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Passion Projects: From Corporate Communications to Creative Entrepreneur
by Arynetta Floyzelle
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February 27, 2019

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9 Minute Read

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Passion Projects: From Corporate Communications to Creative Entrepreneur

Dayna Bolden started her blog as a hobby. Three years later, it turned into a full-time business. BlackLove.com found out how.

Courtesy of Dayna Bolden

Dayna Bolden was working in corporate communications when she started a blog as a creative outlet. Three years later, that blog became her full-time job, leading to a career as a creative entrepreneur — creating content, creative directing, and now producing a live women’s empowerment event, The Bold Experience. After a bit of time balancing corporate life and her creative calling, Dayna came to realize that betting on herself was the way to go. And it is one of the best decisions she has ever made.      

Black Love: What was your previous business/career?

Dayna Bolden: I worked in Under Armour’s corporate office in Communications.

BL: Why did you want to leave and do something else?   

DB: I started blogging as a hobby in 2014. I truly enjoyed sharing my love for all things fashion, beauty, and my lifestyle as a mom. As my community and influence started to grow, I began to get a significant amount of opportunities that created additional income for my family. I never in a million years thought I could do it full-time to where I could replace my full-time corporate salary, but sure enough, it happened. I got to a point in my blogging career where opportunities were coming in, and my blogging career income surpassed what I was making in my full-time job. Jobs began to conflict with my 9-5, and I had to make a decision. I certainly did not want to miss opportunities that would build my personal brand, so I ultimately decided I needed to go at this blogging thing full-time.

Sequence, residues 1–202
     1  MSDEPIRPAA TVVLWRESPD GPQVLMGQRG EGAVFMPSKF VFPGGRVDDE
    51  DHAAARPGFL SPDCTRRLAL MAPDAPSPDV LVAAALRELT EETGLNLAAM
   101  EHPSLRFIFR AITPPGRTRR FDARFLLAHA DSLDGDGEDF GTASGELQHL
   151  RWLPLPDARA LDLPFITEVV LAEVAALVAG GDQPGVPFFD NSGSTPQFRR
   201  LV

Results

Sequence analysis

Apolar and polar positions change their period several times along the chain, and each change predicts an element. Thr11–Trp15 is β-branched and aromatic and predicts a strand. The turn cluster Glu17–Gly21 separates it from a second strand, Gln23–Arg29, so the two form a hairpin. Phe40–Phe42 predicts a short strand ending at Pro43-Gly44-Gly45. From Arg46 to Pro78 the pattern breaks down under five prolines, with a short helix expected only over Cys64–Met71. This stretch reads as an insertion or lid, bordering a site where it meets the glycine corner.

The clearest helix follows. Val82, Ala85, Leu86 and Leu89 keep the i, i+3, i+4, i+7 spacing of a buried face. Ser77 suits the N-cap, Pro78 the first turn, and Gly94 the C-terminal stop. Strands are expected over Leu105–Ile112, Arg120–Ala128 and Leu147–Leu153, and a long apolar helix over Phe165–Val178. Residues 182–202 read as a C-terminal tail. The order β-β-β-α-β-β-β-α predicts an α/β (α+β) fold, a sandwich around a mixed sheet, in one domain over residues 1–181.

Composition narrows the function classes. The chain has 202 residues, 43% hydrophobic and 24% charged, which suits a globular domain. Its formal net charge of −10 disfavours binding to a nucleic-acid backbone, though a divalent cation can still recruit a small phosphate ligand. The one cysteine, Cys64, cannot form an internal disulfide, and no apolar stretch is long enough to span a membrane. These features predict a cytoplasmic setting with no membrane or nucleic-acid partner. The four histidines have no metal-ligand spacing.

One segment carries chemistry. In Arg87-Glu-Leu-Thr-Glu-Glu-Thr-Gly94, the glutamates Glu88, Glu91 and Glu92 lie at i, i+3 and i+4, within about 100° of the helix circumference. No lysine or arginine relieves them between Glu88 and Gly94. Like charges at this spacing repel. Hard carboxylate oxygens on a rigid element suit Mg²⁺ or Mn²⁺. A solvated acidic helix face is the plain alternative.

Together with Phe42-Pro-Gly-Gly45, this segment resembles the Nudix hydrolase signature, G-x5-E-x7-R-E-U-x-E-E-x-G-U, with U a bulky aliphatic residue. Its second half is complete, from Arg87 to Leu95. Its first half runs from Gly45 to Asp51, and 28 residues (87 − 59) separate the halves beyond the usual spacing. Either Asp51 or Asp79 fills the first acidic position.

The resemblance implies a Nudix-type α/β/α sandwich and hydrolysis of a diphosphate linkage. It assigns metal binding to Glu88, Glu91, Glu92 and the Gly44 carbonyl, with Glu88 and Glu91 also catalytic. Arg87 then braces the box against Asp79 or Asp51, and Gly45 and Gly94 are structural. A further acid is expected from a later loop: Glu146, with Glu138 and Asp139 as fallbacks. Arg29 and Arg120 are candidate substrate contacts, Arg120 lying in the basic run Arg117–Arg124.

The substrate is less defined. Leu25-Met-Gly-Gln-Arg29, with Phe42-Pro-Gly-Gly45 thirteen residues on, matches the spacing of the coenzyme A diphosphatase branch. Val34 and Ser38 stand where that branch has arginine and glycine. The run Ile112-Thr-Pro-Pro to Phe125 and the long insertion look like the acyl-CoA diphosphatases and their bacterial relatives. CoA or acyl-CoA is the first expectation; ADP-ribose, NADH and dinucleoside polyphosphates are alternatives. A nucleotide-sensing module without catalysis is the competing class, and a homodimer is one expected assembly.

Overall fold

BL: What was your final “jumping point”? What was the urge that finally made you move forward and do it — pursue your passion?

DB: In March of 2017, I made the decision to make the leap. I was getting opportunities, growing extremely busy, making income and working hard. I worked a full-time 9-5 job, so I was at a point in my business where I was continually putting in PTO (Personal Time Off) days to fly out to different cities for events, photo shoots, and projects. I mentally felt like I was “checking out” of my full-time job and it showed. I had countless conversations with my managers, and I was actually put on an action plan — yikes.

I remember the day I decided I was going to quit like it was yesterday. It was a Wednesday, and I had just come back from shooting a national campaign in Atlanta where I had to request off Monday and Tuesday from my full-time. I came back into the office, and I was drained. I sat at my desk, and I asked, “Why am I doing this? I cannot do it anymore.” I got up from my desk, went to the bathroom and cried hysterically. I called my husband and told him how I felt, and he agreed that I needed to move on, and I did.

Courtesy of Dayna Bolden

BL: What is your current business, your “passion” business?